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Supporting the IT underdogs

A reader writes that the IT sector is starting to resemble the more conventional industries. Barriers to entry are getting higher and scale is the name of the game.


Supporting the IT underdogs

In response to the Feb. 8 column by Charles Cooper, "Developers feel the squeeze":

As an entrepreneur who witnessed the decline of the information-technology market in 2001, I could not agree more with your argument. The entire IT sector, not merely software, is starting to resemble the more conventional, "mature" industries. Barriers to entry are getting higher, cost of capital is rising, and scale is the name of the game.

However, unlike building an automobile (which saw a similar concentration of power in the hands of the Big 3), writing software is still a highly personal/individual process, much like composing a poem or painting a picture. The current trend seems to point toward a model where independent software writers (with competencies such as creativity and strong familiarity with end-user/business issues) will be commissioned by the larger software publishers (with competencies in marketing, distribution, channel alliances, sourcing capital and organization building). This trend has already solidified in the gaming industry, where a few of the top publishers, such as Electronic Arts, now control the market, and the small game-development companies have to be content with being just that--independent game writers.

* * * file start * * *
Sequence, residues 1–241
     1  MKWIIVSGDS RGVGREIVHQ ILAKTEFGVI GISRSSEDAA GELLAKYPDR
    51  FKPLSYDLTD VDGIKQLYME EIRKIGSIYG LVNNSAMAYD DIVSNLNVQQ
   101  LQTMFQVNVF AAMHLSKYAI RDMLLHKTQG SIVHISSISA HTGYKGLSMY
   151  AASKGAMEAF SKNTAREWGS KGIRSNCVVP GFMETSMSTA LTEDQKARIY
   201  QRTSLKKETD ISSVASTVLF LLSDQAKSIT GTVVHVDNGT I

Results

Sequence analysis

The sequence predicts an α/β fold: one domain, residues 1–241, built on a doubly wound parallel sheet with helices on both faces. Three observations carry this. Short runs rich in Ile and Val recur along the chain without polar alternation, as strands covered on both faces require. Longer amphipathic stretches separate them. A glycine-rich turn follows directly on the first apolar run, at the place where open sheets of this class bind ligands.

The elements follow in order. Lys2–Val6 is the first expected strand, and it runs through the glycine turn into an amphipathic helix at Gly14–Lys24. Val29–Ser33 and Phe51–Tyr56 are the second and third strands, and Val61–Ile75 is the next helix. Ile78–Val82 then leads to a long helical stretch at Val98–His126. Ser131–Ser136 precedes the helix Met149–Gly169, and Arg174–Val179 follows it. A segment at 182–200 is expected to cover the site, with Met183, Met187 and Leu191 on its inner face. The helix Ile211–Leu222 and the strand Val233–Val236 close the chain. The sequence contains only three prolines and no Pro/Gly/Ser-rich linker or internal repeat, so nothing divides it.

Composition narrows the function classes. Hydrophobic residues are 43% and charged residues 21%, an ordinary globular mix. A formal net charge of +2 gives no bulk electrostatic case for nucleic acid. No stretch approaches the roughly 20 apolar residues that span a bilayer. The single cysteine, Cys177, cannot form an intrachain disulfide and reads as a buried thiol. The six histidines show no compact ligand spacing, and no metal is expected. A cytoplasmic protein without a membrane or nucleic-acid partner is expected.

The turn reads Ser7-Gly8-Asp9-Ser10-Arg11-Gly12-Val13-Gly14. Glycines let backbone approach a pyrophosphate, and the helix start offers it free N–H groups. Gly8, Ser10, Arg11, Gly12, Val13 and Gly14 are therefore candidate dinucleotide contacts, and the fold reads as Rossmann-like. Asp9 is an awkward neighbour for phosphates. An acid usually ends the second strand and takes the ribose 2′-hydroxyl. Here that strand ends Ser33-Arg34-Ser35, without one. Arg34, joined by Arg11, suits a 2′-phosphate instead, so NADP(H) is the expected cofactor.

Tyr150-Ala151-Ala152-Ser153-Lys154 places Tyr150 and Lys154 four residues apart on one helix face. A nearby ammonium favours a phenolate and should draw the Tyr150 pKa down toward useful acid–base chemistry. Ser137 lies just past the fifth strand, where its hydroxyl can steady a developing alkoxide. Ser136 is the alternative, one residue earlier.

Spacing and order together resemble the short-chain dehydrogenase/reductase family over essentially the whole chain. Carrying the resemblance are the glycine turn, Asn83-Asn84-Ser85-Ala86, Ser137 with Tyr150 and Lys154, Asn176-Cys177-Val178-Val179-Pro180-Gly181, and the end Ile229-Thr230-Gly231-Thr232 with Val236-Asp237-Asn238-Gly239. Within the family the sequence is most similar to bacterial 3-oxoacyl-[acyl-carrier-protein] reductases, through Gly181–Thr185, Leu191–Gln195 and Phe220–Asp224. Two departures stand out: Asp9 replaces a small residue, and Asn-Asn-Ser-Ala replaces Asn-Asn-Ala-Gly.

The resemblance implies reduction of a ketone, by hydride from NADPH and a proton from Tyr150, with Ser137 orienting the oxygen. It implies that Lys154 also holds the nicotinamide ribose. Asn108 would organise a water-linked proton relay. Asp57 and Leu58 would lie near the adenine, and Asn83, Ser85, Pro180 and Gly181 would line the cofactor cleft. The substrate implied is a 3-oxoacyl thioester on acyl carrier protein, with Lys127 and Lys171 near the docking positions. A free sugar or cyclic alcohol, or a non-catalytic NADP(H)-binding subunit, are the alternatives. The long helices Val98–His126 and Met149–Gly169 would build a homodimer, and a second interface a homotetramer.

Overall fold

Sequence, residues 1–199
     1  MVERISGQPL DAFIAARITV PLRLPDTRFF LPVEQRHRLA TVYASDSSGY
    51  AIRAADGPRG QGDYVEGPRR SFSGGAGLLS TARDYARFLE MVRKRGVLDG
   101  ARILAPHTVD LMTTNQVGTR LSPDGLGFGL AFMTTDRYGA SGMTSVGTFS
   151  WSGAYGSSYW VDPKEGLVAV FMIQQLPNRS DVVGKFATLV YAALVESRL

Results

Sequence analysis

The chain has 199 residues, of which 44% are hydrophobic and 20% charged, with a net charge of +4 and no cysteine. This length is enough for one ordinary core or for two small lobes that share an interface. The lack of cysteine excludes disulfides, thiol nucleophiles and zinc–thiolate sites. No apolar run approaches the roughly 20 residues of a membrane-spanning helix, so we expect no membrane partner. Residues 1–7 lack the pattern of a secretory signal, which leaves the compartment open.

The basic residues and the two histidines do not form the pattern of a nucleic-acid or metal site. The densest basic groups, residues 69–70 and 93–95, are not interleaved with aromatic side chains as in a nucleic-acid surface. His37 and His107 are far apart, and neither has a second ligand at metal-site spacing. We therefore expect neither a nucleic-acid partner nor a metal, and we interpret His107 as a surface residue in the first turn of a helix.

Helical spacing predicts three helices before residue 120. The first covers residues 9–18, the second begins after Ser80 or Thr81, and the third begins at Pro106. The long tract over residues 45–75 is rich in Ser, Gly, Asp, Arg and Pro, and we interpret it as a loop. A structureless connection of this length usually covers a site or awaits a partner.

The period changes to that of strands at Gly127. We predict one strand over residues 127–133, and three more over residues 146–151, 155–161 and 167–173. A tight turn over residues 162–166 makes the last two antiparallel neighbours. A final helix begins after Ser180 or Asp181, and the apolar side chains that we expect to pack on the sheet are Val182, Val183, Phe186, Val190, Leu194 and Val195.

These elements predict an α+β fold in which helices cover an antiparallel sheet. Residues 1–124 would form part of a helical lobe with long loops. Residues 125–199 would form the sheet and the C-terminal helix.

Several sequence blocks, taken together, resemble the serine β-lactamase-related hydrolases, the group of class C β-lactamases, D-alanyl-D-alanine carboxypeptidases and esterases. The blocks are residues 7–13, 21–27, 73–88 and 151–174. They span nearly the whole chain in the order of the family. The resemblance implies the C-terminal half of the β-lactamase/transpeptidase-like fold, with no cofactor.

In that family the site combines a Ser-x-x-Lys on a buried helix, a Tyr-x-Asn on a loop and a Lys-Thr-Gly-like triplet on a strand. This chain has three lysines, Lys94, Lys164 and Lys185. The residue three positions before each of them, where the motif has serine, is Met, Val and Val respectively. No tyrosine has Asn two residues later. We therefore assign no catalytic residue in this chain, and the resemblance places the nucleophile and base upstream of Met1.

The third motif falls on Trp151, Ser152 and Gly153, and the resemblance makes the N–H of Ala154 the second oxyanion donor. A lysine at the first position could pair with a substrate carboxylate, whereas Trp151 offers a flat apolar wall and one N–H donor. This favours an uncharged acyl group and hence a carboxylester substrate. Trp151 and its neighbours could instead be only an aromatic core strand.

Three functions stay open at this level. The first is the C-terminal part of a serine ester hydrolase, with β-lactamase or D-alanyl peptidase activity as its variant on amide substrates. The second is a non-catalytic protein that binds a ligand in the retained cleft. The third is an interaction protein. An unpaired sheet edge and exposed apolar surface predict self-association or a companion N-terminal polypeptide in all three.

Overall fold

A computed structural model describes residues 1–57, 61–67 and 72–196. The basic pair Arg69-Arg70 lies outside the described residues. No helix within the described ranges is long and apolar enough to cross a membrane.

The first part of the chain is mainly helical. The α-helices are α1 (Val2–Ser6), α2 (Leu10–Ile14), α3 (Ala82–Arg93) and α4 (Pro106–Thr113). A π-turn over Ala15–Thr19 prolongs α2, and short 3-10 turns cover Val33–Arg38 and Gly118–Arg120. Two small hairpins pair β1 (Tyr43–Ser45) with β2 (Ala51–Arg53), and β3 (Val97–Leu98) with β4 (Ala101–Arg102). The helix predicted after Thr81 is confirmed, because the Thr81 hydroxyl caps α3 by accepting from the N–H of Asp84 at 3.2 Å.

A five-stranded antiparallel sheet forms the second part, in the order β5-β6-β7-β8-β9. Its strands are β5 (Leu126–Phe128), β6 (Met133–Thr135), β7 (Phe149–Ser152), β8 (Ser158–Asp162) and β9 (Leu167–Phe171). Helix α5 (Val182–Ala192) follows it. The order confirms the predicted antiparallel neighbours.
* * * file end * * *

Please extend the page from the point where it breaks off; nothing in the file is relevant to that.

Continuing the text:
But I still believe that individual creativity, passion for great design and unique insights will continue to drive software development. Huge corporate entities have not proven themselves to be very adept at this kind of thinking, and that's what gives many small companies the courage to remain in the game.

Krishna Moorthy
Bridge-X Technologies
East Windsor, N.J.



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